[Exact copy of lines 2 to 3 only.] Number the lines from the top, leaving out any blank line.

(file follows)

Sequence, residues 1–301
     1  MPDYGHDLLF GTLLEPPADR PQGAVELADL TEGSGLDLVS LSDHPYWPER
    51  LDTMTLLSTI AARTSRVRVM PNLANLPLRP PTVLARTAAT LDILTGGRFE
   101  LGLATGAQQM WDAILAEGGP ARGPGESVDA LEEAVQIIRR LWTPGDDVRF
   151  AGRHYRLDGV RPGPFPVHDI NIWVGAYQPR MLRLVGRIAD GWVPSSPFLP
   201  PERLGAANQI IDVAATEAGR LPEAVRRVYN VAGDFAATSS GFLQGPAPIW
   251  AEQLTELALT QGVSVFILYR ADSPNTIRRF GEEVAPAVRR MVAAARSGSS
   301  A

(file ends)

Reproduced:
     1  MPDYGHDLLF GTLLEPPADR PQGAVELADL TEGSGLDLVS LSDHPYWPER
    51  LDTMTLLSTI AARTSRVRVM PNLANLPLRP PTVLARTAAT LDILTGGRFE